San Francisco Stories and Tips

Journal Entry IX - JapanTown and Fillmore Street

Japan Tower Photo, San Francisco, California

APRIL 15, 2002 6:11 a.m.
EARLY MORNING MONDAY
SEAT 21C
AMERICAN TRANS AIRLINES FLIGHT #732
SAN FRANCISCO INTERNATIONAL AIRPORT
SAN FRANCISCO, CALIFORNIA

I was very tired indeed. We have been quite busy from a tourist perspective the last couple of days. I will continue where I left off on Friday.

I was hiking up the virtual mountains in Nob Hill and Russian Hill on the way up Jones Street. I was heading south.

When I met up with California Street (which is incidentially a great place to take pictures of the cable cars), I turned west to look at the Grace Cathedral. It is, by my account, a huge church. It was hard to fit it into a picture on the camera. I thought it may be the church where Joe DiMaggio and Marilyn Monroe were wed. We're not sure; I'll have to look it up later. Joltin' Joe and Norma Jean were actually married in city hall in San Francisco and posed for some famous photos in front of a church in North Beach. They weren't married in a church because Marilyn had already been divorced.)

From the cathedral, I took Leavenworth Street south. It was almost a sheer cliff to the next block. You could see the scrapes in the road where people going too fast in "low-rider" cars had rendezvous-ed with the asphalt of the street. I went down the street in a semi-controlled jog that bordered on a tumbling incident.

Leavenworth flattened out a bit as I met up with some places in the Theater District/Tenderloin. It was an interesting combination of the arts and the ghetto. I went past the birth home of the dancer Isadore Duncan.

I turned west on Geary to head into the direction of Japantown. The Theater District peetered out; the street was mostly non-descript. Mostly apartments and some commercial outfits were on the street. I went past a colorful sandwich place called "Tommy's Famous Turkey Joynt." I did not know who Tommy was, what made his turkey famous, and, most importantly, why he insisted on spelling "joint" with a "y". It was too early to sample or get answers to my questions.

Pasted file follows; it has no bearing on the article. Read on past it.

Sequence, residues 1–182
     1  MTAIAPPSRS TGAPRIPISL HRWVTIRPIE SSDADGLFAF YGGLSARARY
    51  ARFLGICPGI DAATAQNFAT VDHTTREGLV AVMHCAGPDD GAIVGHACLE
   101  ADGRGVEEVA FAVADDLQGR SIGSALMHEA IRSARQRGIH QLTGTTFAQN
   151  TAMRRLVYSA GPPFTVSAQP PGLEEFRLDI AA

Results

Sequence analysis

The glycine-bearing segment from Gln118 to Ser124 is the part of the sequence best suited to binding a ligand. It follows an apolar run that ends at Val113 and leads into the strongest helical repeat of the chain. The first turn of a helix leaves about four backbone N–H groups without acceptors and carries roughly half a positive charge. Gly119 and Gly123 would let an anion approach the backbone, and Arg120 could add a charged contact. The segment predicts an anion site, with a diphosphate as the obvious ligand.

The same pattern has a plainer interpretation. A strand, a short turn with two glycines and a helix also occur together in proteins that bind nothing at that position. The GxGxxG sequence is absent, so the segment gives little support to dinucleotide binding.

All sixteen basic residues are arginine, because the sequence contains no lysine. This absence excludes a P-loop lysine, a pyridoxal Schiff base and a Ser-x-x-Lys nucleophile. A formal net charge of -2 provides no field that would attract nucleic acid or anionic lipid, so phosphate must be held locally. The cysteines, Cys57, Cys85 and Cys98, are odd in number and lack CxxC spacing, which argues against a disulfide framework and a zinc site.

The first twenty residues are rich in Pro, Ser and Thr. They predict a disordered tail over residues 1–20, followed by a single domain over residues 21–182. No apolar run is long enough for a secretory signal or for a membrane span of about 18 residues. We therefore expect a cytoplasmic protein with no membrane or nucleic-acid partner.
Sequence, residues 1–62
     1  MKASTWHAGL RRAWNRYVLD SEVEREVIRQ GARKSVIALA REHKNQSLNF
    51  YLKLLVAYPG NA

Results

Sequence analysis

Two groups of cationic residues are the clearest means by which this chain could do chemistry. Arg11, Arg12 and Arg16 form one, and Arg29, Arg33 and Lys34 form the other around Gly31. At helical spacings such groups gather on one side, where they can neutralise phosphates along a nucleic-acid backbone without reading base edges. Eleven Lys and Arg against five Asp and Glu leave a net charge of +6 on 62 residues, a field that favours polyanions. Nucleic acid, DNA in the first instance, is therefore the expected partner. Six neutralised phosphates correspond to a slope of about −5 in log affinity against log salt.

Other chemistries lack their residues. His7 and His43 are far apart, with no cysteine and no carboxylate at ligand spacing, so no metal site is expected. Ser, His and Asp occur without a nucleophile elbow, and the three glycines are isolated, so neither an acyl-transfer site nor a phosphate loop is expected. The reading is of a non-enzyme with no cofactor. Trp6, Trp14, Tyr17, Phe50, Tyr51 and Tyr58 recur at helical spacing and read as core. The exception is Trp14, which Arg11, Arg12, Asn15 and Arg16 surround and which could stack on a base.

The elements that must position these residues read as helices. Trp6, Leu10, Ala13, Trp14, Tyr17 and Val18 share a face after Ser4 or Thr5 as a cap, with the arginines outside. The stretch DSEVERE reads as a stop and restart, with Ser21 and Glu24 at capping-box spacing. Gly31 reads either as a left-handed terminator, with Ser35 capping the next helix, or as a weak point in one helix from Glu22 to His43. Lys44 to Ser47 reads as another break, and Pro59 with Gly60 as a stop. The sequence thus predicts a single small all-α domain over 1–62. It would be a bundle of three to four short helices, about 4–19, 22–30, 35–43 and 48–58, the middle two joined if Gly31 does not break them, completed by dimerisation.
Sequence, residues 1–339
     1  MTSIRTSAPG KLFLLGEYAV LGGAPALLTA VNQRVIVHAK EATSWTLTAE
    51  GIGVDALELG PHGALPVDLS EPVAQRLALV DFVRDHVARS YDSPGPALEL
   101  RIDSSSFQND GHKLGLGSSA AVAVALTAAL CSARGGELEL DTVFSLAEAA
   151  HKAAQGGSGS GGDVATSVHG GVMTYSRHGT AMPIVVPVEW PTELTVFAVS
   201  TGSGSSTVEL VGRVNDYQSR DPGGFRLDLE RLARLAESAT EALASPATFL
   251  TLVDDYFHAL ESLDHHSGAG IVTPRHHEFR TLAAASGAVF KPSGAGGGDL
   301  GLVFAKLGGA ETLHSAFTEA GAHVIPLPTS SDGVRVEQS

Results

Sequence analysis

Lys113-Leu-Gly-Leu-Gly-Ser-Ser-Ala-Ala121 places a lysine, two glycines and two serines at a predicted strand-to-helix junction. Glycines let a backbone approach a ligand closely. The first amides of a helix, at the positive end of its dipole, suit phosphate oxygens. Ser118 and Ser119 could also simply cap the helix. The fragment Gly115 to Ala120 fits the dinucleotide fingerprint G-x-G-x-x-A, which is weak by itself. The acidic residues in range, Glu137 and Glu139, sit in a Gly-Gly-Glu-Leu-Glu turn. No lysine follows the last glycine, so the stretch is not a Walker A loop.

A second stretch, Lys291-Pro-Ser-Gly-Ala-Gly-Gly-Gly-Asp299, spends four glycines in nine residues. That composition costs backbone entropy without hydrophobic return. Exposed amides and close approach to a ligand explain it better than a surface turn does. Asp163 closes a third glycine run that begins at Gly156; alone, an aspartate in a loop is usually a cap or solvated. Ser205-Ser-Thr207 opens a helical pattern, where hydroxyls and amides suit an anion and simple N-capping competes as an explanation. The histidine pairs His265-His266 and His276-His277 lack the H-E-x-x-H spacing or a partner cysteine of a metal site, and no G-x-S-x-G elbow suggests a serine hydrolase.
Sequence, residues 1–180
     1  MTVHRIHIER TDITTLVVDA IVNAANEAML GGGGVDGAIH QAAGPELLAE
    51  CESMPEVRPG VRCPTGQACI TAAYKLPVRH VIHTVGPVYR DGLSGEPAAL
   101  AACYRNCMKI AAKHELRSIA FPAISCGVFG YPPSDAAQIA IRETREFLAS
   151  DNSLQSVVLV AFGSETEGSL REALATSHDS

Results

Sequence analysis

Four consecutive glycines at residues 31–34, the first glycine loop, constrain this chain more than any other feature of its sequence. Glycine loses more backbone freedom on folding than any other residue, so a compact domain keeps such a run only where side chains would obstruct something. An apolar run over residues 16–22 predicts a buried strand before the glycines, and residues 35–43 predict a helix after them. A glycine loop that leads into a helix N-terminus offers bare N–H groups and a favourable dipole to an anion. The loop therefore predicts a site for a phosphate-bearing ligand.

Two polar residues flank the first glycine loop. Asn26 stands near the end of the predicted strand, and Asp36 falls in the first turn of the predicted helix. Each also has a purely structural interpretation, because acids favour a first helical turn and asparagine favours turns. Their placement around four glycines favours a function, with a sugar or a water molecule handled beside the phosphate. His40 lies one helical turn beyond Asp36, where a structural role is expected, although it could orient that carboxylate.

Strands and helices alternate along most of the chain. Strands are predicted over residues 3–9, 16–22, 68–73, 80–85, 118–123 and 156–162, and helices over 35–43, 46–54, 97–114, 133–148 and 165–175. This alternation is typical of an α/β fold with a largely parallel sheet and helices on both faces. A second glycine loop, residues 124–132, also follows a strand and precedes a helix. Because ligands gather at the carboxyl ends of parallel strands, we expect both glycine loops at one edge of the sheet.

Before long, I could see the austere, but interesting Japan Tower. I climbed some steps to get into a rather ugly concrete square. The only color in the square was a line of about ten half-blooming cherry trees in a line.

I went to Post Street, the main hub of Japantown. It is full of Japanese shops and restaurants. It was amusing to note that there is a Benihana of Tokyo chain here, a Denny's (with Japanese characters on the sign), and only one Italian restaurant.

I was shocked at how charmless Japantown was. I was here with my sister before, but I had forgotten how stark it was compared to the rest of colorful San Francisco.

I continued up Post, heading west, until I hit FIllmore, where I promptly turned south. Only two blocks away was the famous concert venue of the 60's and 70's, The Fillmore.

The only thing adorning the building was a sign that read "The Fillmore" and it had a number of acts that were coming tp play there soon flashing on it. (Siouxsie and the Banshees and Sammy Hagar; not at the same time though). I took pictures of the sign. Otherwise, there was nothing to see; there wasn't an entrance sign at the foyer, just a blank glass ticket window.

APRIL 15, 2002 8:38 p.m. PST
MONDAY MORNING
SEAT 21C FLIGHT #732 ATA
SOMEWHERE OVER THE ROCKY MOUNTAINS

As the plane was taking off around 6:30 a.m., I was overcome by tiredness, so I closed this journal and drifted into a happy sleep. I have been awoken recently by the deep snores of the fat guy next to me. So here I am, back writing again.

The last thing I wrote was about "The Fillmore". Not much to see really.

From here I decided to head back north on Fillmore Street going through the nice neighborhoods of Upper Fillmore, Pacific Heights, Cow Hollow, and Marina. There were many great looking restaurants and antique shops along this route as well as nice homes and apartments.

The niceness ended when I hit a KFC/Taco Bell and a ratty-looking middle school near Chestnut Street in Marina. I continued on until Beach Street, which I took east through Fort Mason Park.

I made my way through Ghiradelli Square. It was here that I saw the huge "In and Out Burger" sign. I had a little time to spare and I knew Toni wanted to try an In and Out Burger, so I went into the fast food restaurant.

I was behind some Japanese teenagers who couldn't understand what an onion was and whether they wanted one on their burger or not. The girl at the register went into the kitchen area and brought out a slice of onion and then they understood. I was next.

I ordered two cheeseburgers, no lettuce, no "special sauce". I also got some fries. It took about ten minutes from order to receipt of food. I called Toni to say that I was going to be just a little later than our 11:00 a.m. meeting time. She went and picked up the tickets using the code I gave her over the phone.

I scurried out of "In and Out Burger", wishing that I had bought an "In and Out Burger" t-shirt. Next time maybe. . .

I practically ran with the fast food through Fisherman's Wharf along the Embarcadero, until I linked up with the "Blue and Gold" ferry departure at Pier 41 (across from the sea lions). Toni was sitting on the curb.

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